My boyfriend and I learned quickly that when you buy a really old house in a really small town, everyone has a story about it. When word got out that we had purchased our first home, a bright pink, 110-year-old folk Victorian on our town’s main drag, we were instantly inundated with “pink house” tales: “Did you know it used to be yellow?” “Geronimo made tortillas on the porch,” and, my personal favorite, “I was married in your guest house because it used to be a chapel.”
Before we even closed on our home, a friend of ours passed along a multipage, photocopied newspaper biography of Hattie, the woman who, in the early 1900s, raised her children in our home, spoke many languages, and—most importantly to me—filled the cellar off the kitchen with home-canned food, which she subsequently gave away to those in need around town. After I learned Hattie was a preserver like me, I knew we had found our house, and I felt so proud to be stocking the cellar again. Between Hattie’s time and mine, preserving hasn’t really gone anywhere. In the same way that it made sense for Hattie to put up her surplus each year, preserving still makes sense to a growing number of people who are looking to source more of their food locally year-round and maintain a connection with traditional food ways. It remains an essential tool for those looking to cut back on food costs without compromising on quality and taste.
My favorite way to illustrate the economics of preserving is to talk about preserved lemons, the dead-easy yet completely transformative preserve made from salt, lemons, and time. Can I cook without preserved lemons? Absolutely. Indeed, I did for many, many years. However, in the depths of winter, do they infinitely improve my go-to roasted carrots? Without a doubt. I had never had them until I made them myself, because store-bought preserved lemons are cost prohibitive for me. Put simply, preserving empowers me to eat better for less.
Finally, there is much to be said for the social and community-building aspects of preserving. The first time I canned was years ago during a canning party at a friend’s apartment. Today I maintain many of the connections with fellow preservation enthusiasts that I made during that single afternoon. The joy that comes from honoring the harvest by gathering friends and family to put up food and share knowledge and stories is perhaps the greatest argument for preserving food. I can only hope that in a hundred years, the person living in my house hears a story about me filling up the cellar and feels at home, just as I did with Hattie.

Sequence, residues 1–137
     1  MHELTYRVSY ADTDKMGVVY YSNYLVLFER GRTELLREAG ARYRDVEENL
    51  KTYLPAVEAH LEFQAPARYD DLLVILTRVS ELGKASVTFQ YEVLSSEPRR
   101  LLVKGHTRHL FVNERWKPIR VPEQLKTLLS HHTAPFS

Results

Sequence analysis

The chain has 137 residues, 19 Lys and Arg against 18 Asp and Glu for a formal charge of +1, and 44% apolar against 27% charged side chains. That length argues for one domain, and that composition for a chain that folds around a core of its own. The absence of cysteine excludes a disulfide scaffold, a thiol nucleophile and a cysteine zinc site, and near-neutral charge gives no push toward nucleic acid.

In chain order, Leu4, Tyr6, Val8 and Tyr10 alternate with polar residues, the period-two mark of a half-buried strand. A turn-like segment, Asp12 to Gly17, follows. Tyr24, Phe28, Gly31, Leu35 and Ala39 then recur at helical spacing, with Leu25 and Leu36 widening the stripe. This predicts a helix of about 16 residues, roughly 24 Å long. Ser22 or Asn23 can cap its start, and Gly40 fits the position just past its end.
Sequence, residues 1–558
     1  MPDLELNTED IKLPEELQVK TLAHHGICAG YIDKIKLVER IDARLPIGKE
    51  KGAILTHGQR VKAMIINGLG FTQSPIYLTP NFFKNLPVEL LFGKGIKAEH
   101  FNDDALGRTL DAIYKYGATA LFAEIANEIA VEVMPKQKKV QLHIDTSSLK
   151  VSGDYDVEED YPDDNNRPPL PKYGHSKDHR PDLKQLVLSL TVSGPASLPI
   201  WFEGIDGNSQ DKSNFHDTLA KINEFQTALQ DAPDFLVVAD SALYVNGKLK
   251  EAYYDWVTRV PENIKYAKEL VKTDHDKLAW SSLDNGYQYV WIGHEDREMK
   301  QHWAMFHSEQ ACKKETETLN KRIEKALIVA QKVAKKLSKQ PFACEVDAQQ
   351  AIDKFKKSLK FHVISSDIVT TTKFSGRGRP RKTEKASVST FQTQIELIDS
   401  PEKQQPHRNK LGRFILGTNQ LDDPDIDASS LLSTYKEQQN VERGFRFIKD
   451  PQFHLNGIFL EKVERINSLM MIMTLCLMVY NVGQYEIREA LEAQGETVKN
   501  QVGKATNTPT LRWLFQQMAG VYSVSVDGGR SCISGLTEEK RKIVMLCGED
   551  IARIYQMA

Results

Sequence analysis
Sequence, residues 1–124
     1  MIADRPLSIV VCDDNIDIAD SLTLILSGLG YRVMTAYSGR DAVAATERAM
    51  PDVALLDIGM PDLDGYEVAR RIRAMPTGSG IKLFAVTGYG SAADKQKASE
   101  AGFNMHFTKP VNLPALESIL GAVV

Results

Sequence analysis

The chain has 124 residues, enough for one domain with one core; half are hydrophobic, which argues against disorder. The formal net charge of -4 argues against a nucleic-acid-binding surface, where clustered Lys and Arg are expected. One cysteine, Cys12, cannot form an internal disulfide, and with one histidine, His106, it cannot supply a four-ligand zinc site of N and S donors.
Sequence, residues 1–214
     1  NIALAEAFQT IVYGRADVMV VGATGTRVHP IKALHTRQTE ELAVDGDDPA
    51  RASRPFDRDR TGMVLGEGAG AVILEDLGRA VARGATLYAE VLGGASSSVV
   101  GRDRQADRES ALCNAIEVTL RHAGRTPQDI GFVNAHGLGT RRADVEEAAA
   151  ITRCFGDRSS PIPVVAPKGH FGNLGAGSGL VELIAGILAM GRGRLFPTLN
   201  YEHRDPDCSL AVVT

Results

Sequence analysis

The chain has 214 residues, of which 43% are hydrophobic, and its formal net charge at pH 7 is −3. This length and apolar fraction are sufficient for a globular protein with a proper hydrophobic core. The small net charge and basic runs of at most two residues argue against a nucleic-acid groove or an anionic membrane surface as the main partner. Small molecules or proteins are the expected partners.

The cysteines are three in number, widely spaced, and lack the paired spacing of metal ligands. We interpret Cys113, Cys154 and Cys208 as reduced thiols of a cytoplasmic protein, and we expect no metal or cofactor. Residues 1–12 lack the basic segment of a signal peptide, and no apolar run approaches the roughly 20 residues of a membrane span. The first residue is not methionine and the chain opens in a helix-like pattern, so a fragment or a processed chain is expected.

My secret mission in writing this, which is indeed now not so secret, is to get more folks to see themselves as preservers. I think many of us, myself included for a long time, see the work of preserving as something separate from cooking. There are home cooks—plenty of them—and then there are preservers. At its best, I think preserving is just another, albeit invaluable, tool for the home cook’s toolbox. Particularly as the excitement around eating locally and seasonally continues to grow, I argue that passionate home cooks can become better at what they love by having the skills to preserve.
A sweet preserve with a savory character.
Before living in the desert, I considered figs a rarity—a somewhat mythical, hard-to-transport fruit that was often out of my price range. When I lived in Queens, there was a fig tree in a nearby yard that I would visit just to admire and check on its progress.
Here, when monsoon season starts at the beginning of July, the fig trees explode. It’s truly magical.
Even with the added lemon juice, which provides the necessary acid to can the figs safely, the figs are quite sweet. Just a touch of balsamic vinegar added at the end of the cooking period adds balance and brings out the savory side of the figs and fennel.
A fresh, herb-infused brine perfect for tomatoes.
The degree of ripeness greatly affects how tomatoes behave in a ferment. Some folks like to ferment whole, ripe cherry tomatoes, which transform into something often known as cherry bombs due to their effervescent, explosive quality. Here, we’re using green or significantly underripe tomatoes. Using these firmer tomatoes means that they can be sliced and brined without fear that they’ll turn to mush. Plus, they maintain a nice bit of crunch, even when they’re fully fermented.
In general, less is more when it comes to fresh herbs in ferments. Their flavor will amplify as it infuses the brine throughout the fermentation period. Likewise, for long-term storage, it can be a good idea to pick out the herbs. If you’re eating them regularly and tasting, it may not be necessary to pick them out initially, but do so if and when the flavor of the herb becomes overpowering. The same can be true for the garlic.
A spicy, Southwest-inspired take
on the classic Southern relish.
Chow-chow is a mustardy, end-of-season relish, meant to be a bit of a catchall for what has to be pulled from the garden. Green tomatoes often make an appearance, as does cabbage. Because it has its roots in utility, there are as many versions of chow-chow as there are folks who make it. This one has a Southwest bent and includes poblanos in place of sweet green or red peppers, cauliflower, and tomatillos instead of green tomatoes.
This recipe takes just a bit of planning, as it needs to be salted and allowed to sit for 4 hours before going into jars. If you start it on a weekend morning when you wake up, it will be ready to process after lunch.
Introduction and recipes adapted from Beyond Canning: New Techniques, Ingredients, and Flavors to Preserve, Pickle, and Ferment Like Never Before by Autumn Giles (Voyageur Press 2016) and photographed by Grace Stufkosky.